Marine preserves where fishing is banned provide a safe haven for genetic variation — specifically for the genes for large body size in fish. In the rest of the ocean, large fish are selectively harvested, and when those fish go, they take their genes for large body size along with them. But in a refuge, large fish live to breed another day and pass their genes onto the next generation. And that means that those genes remain in the population where they slow the evolution of the population towards small body sizes.
That all might seem rather specific to fish conservation, but in fact, the same strategy can be applied to a multitude of evolutionary problems. For example:
- In agriculture, the use of pesticides on crops applies strong selection favoring insects with genes to resist those pesticides. In that situation, pesticide resistance evolves quickly, shortly rendering many pesticides useless against their target insects. However, by planning for this evolution and guarding against it, farmers can slow the evolution of pesticide resistance, prolonging the usefulness of particular pesticides and allowing them to use less pesticide overall. Farmers manage pest evolution by creating refuges where no pesticide is sprayed alongside their regular crop; these refuges serve as havens for non-resistant insects and keep those non-resistant genes in pest populations.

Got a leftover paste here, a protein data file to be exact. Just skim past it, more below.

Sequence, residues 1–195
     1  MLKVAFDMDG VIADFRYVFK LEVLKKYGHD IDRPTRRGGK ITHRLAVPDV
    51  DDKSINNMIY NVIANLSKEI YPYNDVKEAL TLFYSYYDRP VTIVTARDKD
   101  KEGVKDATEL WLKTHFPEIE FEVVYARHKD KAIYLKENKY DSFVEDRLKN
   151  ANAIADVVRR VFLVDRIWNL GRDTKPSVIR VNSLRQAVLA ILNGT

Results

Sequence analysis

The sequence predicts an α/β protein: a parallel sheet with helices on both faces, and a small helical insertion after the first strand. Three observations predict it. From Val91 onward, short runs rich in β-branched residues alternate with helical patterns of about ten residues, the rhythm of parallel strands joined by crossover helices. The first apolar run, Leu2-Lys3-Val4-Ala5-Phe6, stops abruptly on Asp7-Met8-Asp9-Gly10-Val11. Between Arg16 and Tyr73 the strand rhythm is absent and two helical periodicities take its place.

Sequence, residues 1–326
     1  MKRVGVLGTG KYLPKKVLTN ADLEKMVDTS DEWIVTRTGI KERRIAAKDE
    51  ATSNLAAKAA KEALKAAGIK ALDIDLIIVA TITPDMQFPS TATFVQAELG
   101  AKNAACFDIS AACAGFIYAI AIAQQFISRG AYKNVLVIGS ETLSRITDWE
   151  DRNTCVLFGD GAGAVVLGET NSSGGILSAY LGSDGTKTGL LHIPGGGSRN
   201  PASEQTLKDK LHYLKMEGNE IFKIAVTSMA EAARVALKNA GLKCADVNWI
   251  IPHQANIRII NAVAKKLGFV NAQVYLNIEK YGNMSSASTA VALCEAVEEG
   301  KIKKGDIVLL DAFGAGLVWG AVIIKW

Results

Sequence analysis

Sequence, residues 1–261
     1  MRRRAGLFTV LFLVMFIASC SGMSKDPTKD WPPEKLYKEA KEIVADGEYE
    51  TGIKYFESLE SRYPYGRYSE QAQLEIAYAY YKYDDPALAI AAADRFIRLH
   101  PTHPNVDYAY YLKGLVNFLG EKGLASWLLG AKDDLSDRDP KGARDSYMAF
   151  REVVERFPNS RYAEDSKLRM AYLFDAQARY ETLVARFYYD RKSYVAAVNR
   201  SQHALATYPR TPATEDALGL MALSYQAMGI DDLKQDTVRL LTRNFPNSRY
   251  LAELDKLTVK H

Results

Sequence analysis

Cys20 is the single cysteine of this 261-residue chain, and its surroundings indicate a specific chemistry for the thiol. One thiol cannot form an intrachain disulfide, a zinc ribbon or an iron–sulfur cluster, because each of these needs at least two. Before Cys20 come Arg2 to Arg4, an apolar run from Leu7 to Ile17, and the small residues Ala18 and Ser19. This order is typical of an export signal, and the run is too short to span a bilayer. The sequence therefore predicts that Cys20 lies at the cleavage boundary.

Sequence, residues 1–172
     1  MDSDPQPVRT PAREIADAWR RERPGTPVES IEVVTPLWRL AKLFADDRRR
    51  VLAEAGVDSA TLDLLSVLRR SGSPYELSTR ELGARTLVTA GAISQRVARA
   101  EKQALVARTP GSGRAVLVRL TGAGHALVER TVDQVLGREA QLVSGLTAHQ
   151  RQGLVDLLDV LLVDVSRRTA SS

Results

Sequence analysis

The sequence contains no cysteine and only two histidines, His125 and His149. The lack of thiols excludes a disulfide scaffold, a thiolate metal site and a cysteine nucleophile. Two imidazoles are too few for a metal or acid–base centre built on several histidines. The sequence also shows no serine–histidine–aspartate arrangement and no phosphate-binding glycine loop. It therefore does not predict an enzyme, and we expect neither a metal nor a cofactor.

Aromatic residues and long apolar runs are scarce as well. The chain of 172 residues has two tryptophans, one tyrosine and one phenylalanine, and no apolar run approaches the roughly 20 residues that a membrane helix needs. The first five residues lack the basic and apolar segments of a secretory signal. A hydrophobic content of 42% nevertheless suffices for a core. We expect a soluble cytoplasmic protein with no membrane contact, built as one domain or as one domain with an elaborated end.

- In medicine, the evolution of antibiotic resistance is a major problem. Drugs that used to wipe out tuberculosis, pneumonia, and strep throat, for example, no longer work against many of the bacteria that cause these diseases. In order to slow the evolution of antibiotic resistance in pathogens, medical practitioners now recommend a more targeted use of antibiotics — only prescribing them when really necessary and avoiding their overuse (e.g., using antibiotics preventatively in chicken and cattle feed). These strategies essentially provide antibiotic-free refuges for bacteria with genes that make them susceptible to the antibiotics. By maintaining lots of refuges for non-resistant bacteria, we increase the chances that a new serious infection will be caused by a susceptible strain that can be effectively combated with existing antibiotics.
The effectiveness of the refuge strategy in so many different situations highlights the importance of basic research in evolutionary biology. Like any scientific theory, evolutionary theory makes broad predictions that can be applied in many different situations, and the more we understand about how evolution works in general, the more we understand about how evolution works in specific situations that affect our everyday lives.
Dig deeper: read more about agricultural refuges and slowing the evolution of antibiotic resistant bacteria.